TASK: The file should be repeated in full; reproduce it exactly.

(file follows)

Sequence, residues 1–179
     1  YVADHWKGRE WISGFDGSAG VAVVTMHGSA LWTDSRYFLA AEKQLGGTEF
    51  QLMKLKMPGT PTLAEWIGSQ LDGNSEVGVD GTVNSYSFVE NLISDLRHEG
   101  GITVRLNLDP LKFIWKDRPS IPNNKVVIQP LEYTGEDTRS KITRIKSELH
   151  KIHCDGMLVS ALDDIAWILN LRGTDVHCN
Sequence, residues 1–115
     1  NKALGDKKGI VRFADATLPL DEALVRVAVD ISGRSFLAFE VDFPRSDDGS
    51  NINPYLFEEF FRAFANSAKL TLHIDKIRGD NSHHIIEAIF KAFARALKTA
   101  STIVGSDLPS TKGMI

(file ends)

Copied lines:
Sequence, residues 1–179
     1  YVADHWKGRE WISGFDGSAG VAVVTMHGSA LWTDSRYFLA AEKQLGGTEF
    51  QLMKLKMPGT PTLAEWIGSQ LDGNSEVGVD GTVNSYSFVE NLISDLRHEG
   101  GITVRLNLDP LKFIWKDRPS IPNNKVVIQP LEYTGEDTRS KITRIKSELH
   151  KIHCDGMLVS ALDDIAWILN LRGTDVHCN
Sequence, residues 1–115
     1  NKALGDKKGI VRFADATLPL DEALVRVAVD ISGRSFLAFE VDFPRSDDGS
    51  NINPYLFEEF FRAFANSAKL TLHIDKIRGD NSHHIIEAIF KAFARALKTA
   101  STIVGSDLPS TKGMI